Tuesday, 18 November 2014

Bushcraft in November…. are we mad?

A weekend of wild camping and bushcraft with my mates in November seemed like a fabulous idea…... in sunny July.

I don't get a lot of spare time, but when I do I like to fill it with different things, adding sparkles of excitement and adventure to break up routine. This summer I coerced 4 of my most 'up for it' friends to join me for an adventure, and a weekend of bushcraft was booked for our inaugural foray into the art of surviving in the woods...  Between us, we had ladies who had never slept in a sleeping bag or a tent, used a lighter, chopped wood, or even owned waterproof trousers.... What could possibly go wrong?!? 
With much trepidation we arrived in total darkness on the Friday night in the middle of nowhere to meet Gary, the owner of Jack Raven Bushcraft, and our fellow bushcrafters. Every pastime or sport has it's uniform and it turns out that bush-crafters are no exception. We stood staring at each other - them in earth colours with well worn, checked woollen shirts, carrying just a small rucksack - us ladies standing there in our brightly coloured coats, pink hats, cashmere scarves and carrying very large bags… it was clear to all that we hadn't done this before.
We set out to find our camp. "Bushcraft is about living like our ancestors in the forest, Gary explained as we walked up the hill through a muddy field and into the woods. I was tempted to comment that my ‘ancestors’ had actually originated from West Ham, but chose not to, given that they were clearly worried enough about us anyway.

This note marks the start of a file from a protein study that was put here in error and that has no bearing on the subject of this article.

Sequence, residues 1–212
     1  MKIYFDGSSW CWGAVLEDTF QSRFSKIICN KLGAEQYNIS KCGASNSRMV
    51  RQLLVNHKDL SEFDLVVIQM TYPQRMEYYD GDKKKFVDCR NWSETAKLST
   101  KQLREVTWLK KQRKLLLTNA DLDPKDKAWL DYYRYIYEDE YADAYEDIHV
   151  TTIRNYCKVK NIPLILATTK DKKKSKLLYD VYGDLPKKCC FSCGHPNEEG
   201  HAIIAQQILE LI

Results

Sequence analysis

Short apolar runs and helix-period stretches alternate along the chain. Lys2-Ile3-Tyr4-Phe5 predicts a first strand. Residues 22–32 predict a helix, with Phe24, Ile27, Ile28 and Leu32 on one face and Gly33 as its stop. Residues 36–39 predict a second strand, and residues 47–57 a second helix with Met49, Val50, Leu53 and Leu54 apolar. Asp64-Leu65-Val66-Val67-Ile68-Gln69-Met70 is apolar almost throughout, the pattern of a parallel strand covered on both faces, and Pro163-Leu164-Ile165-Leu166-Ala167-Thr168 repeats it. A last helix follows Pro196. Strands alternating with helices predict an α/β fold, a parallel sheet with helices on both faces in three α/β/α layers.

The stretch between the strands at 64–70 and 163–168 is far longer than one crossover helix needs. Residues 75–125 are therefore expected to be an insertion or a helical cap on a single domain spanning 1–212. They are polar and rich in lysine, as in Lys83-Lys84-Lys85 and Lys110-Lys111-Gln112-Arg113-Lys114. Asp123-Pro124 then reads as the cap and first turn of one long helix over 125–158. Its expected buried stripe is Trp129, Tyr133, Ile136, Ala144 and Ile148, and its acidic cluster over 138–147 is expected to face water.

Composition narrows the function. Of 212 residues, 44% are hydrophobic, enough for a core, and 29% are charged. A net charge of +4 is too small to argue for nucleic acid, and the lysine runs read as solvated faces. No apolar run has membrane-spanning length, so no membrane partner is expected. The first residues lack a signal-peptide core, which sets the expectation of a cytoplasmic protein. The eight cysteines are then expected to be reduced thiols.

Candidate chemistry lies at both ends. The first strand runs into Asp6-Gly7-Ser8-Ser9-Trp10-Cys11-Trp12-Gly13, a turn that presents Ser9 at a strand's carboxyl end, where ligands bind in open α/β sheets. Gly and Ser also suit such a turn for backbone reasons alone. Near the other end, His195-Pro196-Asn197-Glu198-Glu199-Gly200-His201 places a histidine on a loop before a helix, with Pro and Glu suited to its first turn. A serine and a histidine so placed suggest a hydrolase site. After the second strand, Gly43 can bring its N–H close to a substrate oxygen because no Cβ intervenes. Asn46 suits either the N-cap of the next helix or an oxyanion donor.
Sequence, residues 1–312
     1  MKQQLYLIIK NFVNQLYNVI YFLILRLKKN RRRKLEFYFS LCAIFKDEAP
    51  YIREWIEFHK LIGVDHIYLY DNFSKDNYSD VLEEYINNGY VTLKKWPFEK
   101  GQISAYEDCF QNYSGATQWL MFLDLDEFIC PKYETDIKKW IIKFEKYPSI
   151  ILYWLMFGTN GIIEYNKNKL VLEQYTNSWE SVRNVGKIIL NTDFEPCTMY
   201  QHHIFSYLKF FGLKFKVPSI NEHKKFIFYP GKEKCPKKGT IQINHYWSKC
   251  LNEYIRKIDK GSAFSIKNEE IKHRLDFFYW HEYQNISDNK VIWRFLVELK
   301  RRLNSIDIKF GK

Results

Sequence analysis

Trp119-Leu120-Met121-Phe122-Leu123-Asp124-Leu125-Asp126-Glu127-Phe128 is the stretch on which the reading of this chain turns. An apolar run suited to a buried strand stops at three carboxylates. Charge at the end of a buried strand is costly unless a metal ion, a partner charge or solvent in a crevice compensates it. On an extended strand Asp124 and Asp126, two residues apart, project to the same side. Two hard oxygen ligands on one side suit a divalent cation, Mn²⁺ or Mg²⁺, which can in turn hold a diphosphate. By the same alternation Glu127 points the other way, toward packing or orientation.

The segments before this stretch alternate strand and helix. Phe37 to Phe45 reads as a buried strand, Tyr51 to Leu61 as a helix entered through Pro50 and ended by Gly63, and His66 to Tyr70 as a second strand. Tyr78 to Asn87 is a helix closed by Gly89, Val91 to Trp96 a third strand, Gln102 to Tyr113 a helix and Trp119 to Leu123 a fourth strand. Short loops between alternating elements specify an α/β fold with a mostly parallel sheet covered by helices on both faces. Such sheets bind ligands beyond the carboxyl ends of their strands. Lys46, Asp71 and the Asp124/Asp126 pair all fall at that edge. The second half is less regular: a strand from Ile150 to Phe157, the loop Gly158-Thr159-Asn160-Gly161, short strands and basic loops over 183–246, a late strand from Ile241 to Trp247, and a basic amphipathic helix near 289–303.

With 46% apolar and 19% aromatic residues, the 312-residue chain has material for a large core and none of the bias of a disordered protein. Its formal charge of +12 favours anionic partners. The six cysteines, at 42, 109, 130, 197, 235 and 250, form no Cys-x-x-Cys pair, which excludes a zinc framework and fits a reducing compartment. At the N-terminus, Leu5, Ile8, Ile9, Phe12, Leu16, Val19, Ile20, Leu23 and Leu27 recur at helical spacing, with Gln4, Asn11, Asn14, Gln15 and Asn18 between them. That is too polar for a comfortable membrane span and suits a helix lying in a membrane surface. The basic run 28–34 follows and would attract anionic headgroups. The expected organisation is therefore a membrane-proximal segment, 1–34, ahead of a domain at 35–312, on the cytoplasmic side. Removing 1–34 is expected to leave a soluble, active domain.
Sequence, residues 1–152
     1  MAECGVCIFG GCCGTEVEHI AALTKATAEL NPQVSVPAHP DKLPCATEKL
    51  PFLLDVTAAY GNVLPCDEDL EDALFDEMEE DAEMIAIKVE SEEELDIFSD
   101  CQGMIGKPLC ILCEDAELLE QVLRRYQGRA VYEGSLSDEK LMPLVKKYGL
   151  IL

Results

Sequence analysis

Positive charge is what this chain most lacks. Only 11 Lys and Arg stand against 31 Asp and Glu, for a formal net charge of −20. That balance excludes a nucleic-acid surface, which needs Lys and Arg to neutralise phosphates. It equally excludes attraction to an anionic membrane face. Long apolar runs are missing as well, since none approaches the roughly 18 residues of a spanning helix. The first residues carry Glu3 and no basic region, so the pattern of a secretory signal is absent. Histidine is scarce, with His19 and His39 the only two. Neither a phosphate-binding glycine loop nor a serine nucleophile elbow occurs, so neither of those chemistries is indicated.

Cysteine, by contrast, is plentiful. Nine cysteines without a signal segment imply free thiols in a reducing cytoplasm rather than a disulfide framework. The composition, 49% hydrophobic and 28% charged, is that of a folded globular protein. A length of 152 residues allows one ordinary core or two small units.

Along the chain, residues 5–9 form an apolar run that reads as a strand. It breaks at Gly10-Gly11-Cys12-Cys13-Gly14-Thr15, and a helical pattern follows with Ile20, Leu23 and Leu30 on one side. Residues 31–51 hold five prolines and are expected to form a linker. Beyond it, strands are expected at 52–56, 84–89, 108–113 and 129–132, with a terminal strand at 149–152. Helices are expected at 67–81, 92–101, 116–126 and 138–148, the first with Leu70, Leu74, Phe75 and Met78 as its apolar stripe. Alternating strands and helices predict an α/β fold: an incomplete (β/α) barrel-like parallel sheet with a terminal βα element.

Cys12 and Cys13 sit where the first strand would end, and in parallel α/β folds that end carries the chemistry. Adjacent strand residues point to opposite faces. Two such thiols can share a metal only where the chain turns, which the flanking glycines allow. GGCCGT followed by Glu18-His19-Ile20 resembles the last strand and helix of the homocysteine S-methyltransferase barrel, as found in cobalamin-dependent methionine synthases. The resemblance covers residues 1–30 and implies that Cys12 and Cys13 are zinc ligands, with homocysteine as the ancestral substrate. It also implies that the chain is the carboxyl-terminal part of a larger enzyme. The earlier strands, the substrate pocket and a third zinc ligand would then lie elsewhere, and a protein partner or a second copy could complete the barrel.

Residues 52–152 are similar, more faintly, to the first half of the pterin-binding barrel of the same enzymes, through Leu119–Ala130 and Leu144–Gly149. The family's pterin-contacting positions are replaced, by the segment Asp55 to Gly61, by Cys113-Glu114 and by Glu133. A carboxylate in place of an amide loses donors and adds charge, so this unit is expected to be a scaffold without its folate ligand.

I'm not sure what we were expecting that warm July when we agreed that sleeping in hammocks in the woods was a good idea. Much hilarity followed as we were given a quick lesson in ‘mounting and dismounting’ a hammock. In true cartoon style we swung uncontrollably in the dark and performed numerous accidental dismounts in various orientations and with different degrees of elegance. I apologise to my friends for not helping much at this point, I was on the floor laughing. 
Curled up asleep in the hammock
The loo was described in the brochure as a self composting toilet. It was "hidden" in large camouflage shed at the edge of the camp and consisted of a raised wooden box inlaid with a toilet seat. Next to it was a metal bowl for lighting waste paper and some sawdust for 'flushing the loo'. Posters around the wall supplied ample entertainment and to my surprise I found myself staying in there longer than necessary in order learn about animal tracks and droppings. 

The next morning we awoke at dawn and pottered bleary eyed over to the main teepee, where we filled our mugs with hot tea from the massive iron kettle hanging over the fire. Bleariness quickly vanished as we set about out first task- using sharp knives and saws to make a honey spreader out of a log. If I was stuck in the woods I'm not sure how essential this item would be, but I really enjoyed the carving process none the less. The final object looked more like a cross between a wonky ruler and a helicopter propeller, but despite being terrible I was still very proud of it! 
chopping logs